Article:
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by: Sarah Goldman
My words hung, suspended in air above the table. I could see each member of my fire department duty shift processing what I had just said. “I am resigning, effective immediately. I’ve accepted a contract firefighting position in Iraq.“ The only thing louder than the silence in the room was my heart thumping in my chest and my throat. I watched the words sink in; I could see the judgments forming. It was the same each time I had told someone about my decision and upcoming adventure.
What makes me, a woman on the brink of my 30s with a solid secure job and the freedom to find as many climbing days as the calendar allows, chuck it all and travel 8000 miles away to a seemingly endless, unpopular war with zero opportunity to climb, enjoy a microbrew, or sport a nose piercing? Change? Risk? Adventure? Opportunity? Hope? The pursuit of a wild dream? All of the above?
As I think more about these words and the spirit behind them, I realize these are the reasons so many of us are drawn to climb. As climbers and adventurers, we look at a massive granite spire and think, “what if?” It is in the same spirit that we eye a job opening in Boulder from home in Cincinnati and think “why not now?” I left stability in Virginia and came to Iraq because I was due for an adventure and even more ready for change.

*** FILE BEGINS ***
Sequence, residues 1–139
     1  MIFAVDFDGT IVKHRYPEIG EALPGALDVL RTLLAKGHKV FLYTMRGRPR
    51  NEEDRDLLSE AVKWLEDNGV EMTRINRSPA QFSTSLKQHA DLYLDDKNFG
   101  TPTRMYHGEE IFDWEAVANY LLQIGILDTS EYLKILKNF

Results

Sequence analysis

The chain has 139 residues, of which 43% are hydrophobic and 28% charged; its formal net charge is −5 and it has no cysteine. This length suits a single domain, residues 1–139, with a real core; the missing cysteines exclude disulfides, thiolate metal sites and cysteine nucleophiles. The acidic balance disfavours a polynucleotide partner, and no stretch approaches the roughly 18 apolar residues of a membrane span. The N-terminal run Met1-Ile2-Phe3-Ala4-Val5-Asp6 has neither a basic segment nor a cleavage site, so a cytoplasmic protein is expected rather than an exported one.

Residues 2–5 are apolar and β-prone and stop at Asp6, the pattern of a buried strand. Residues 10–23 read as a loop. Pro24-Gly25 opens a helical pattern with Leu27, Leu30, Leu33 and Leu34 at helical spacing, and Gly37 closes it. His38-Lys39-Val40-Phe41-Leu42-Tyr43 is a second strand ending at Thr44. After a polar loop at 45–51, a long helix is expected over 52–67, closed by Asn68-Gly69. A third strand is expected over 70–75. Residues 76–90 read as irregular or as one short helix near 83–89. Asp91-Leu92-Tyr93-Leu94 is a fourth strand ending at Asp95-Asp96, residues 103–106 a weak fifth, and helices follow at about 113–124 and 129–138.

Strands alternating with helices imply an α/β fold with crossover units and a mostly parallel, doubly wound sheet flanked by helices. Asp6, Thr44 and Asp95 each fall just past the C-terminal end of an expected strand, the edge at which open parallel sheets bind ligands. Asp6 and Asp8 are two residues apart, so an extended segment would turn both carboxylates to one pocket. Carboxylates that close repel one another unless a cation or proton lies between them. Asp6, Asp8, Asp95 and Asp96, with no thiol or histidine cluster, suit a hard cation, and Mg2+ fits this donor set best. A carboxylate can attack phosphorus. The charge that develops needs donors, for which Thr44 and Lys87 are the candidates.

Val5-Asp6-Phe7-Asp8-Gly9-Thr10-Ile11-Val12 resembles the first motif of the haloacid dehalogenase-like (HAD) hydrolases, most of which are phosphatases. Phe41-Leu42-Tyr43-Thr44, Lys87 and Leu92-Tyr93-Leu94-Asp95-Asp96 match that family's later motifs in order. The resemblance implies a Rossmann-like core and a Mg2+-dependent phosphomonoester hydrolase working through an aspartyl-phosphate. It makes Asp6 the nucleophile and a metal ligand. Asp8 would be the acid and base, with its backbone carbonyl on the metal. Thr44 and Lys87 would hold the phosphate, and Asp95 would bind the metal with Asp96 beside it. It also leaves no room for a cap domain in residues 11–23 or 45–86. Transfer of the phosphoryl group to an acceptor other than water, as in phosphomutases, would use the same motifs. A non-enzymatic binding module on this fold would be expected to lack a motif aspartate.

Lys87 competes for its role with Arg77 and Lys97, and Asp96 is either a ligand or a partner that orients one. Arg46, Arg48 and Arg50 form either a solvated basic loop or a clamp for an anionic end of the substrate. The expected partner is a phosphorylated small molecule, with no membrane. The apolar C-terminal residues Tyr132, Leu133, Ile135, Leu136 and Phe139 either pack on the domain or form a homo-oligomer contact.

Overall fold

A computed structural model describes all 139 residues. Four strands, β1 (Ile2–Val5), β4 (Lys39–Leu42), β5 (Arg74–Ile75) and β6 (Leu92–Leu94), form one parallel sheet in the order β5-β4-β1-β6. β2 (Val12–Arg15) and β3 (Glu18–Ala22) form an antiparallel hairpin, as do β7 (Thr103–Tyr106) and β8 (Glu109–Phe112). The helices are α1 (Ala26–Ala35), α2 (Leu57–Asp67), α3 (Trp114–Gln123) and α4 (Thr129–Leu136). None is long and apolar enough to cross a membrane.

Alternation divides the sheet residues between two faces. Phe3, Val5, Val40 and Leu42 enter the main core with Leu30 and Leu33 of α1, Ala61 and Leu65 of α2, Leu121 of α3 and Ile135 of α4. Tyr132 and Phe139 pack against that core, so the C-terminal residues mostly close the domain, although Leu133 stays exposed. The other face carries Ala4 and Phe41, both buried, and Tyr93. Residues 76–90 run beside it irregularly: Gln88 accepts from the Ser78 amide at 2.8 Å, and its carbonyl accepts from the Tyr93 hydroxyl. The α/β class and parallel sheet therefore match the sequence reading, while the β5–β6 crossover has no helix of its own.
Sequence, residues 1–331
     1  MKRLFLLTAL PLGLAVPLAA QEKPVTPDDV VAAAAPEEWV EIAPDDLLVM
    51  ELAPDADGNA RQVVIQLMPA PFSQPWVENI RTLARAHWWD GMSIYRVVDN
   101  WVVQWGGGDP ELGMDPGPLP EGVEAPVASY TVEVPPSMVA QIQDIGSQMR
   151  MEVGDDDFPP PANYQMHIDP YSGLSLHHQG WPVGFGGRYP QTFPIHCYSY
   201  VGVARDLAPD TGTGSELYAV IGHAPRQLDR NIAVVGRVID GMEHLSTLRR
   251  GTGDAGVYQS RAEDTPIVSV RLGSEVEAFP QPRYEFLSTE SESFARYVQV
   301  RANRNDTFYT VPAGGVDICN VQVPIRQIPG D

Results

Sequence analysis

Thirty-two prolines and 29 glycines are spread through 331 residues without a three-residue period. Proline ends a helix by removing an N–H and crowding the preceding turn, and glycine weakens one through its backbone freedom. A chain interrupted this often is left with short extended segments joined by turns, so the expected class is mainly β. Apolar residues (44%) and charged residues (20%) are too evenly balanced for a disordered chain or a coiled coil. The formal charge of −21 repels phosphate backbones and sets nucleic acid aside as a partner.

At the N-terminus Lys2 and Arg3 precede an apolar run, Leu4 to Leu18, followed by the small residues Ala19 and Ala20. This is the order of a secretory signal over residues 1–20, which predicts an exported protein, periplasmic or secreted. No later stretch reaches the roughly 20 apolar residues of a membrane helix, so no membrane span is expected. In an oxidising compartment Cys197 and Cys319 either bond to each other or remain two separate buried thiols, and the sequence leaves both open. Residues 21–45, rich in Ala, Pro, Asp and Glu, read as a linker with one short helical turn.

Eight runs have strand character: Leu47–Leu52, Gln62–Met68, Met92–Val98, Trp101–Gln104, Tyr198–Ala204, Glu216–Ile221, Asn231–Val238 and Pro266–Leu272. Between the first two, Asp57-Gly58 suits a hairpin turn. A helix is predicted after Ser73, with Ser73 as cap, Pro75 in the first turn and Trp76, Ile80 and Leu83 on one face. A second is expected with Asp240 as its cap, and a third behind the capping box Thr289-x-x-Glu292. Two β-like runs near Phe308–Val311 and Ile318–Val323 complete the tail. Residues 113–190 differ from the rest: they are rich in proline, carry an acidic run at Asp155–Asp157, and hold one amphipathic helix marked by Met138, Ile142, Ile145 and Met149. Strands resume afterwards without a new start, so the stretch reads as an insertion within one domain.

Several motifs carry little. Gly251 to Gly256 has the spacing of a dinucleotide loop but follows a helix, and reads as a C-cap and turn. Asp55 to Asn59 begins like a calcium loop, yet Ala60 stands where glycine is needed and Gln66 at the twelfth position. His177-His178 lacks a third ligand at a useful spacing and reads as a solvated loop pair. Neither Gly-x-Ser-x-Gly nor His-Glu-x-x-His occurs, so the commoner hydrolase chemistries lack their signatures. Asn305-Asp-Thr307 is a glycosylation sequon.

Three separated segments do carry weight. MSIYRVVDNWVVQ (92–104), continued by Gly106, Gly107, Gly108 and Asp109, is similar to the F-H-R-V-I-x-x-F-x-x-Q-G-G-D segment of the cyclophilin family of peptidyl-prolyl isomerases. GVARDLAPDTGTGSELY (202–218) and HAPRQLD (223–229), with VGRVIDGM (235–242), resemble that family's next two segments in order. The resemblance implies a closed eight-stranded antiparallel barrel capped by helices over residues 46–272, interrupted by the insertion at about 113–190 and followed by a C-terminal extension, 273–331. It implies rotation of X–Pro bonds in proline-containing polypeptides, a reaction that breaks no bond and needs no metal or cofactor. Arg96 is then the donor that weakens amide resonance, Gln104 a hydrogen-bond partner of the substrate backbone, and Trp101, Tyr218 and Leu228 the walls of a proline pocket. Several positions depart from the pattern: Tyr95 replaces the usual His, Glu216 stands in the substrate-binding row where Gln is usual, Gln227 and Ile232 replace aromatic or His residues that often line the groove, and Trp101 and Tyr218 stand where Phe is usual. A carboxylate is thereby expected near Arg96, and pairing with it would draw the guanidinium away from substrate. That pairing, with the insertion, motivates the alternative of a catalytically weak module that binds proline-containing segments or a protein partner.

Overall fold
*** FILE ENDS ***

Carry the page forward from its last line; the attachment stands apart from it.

I’ve known it was time to shake things up since my first Chicks With Picks experience nearly 2 years ago. My life, while exceptionally comfortable and one no doubt worthy of envy, had left me feeling cornered, firmly entrenched in a rut and just plain bored. I liked my job as a firefighter, but I knew that it wasn’t going to be my life’s work. I’d spent the past 20 years in Virginia and finally accepted its highest point tops out at barely 5000 feet, so I knew a change of scenery was needed. I suppose I was happy enough, but passionate? Excited? Energized? Not so much.
There are many who don’t understand why I would walk away from what I had, but these often seem to be the same people who don’t understand why we clip bolts, plug gear and stick hard ice. For the most part these same people value, consistency over spontaneity, financial stability over chance, and resorts over road trips. Adventurers are people of courage, people of faith. Faith that things work out, that the universe will provide. They are doers and decision makers. Most often they are not shy and they are not timid. They act when others choose to idle. They choose the risk, when others choose security. Adventure is both a state of being and a state of doing. It is in some, and definitely not in others.